For the first time in 50,000 years, a bright green comet will pass by Earth’s outer space. It is expected that the comet, which is officially known as C/2022 E3 (ZTF) will make close approach to the sun on March 20, and its brightness may be bright enough to be able to be observed using binoculars and a telescope. NASA states that since this cosmic intrusion has been moving though the inner solar system, it has steadily been brightening, which implies that people should be able to catch a glimpse of it if they look up at the night sky.
A comet can be difficult to spot in the night sky, which means amateur skywatchers may have a good chance to see it in the early morning sky on Thursday, sometime after midnight but before the sun rises.
A team of astronomers has been monitoring the comet as it approaches, and according to EarthSky, a website dedicated to skywatching and astronomy, celestial observers in the Northern Hemisphere should stake out a location and gaze low on the horizon in the northeastern sky.
A flimsy green glow can be seen travelling northwestward on the comet with binoculars as it travels across the sky. Using telescopes, we should be able to spy the “green comet” more precisely and we should be able to see some finer features of the comet and perhaps even its flimsy tail through telescopes. To observers in the Northern Hemisphere without a telescope, the comet will appear like a “faint, greenish smudge in the sky”, while those with a telescope could see the comet’s dramatic visible tail, the Planetary Society said.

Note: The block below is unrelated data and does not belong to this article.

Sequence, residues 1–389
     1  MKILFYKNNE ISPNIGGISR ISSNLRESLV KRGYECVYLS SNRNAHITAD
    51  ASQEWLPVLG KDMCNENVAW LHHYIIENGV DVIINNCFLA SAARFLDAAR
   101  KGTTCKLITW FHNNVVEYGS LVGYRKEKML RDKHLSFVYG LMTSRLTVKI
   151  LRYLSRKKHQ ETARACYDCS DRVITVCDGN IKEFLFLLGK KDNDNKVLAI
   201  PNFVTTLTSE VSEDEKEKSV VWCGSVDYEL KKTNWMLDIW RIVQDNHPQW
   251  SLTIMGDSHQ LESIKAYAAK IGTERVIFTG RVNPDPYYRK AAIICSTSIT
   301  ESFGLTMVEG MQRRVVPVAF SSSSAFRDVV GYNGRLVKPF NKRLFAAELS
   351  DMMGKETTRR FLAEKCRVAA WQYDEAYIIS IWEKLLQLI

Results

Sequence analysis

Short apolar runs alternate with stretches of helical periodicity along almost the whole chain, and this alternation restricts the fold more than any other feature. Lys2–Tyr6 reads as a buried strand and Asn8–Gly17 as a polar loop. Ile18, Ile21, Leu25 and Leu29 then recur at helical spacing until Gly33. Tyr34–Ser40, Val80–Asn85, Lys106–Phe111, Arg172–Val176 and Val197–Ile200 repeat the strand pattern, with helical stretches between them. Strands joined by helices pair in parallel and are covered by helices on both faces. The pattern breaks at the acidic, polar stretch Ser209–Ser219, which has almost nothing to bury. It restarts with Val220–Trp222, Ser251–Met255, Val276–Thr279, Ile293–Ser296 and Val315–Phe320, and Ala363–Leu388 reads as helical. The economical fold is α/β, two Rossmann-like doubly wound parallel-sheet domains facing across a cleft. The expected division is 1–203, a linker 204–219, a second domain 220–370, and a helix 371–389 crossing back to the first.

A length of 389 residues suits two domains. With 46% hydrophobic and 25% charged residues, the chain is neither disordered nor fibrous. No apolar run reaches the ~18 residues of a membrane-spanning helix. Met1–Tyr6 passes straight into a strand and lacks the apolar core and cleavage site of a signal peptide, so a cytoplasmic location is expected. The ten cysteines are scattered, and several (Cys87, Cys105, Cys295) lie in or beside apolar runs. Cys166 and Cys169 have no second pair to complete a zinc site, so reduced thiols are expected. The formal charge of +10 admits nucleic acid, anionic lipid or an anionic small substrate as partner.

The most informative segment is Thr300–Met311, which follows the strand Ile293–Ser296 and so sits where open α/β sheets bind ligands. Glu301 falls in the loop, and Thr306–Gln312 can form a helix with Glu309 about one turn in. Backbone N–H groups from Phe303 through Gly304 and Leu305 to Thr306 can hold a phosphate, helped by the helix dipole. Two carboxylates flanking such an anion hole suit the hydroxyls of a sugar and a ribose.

For most of the rest of the month, skywatchers should be able to see the comet. The icy object will then come as close to Earth as it can on February 2, according to NASA officials. The Planetary Society estimates that the comet will be around 26 million miles away from Earth at that time.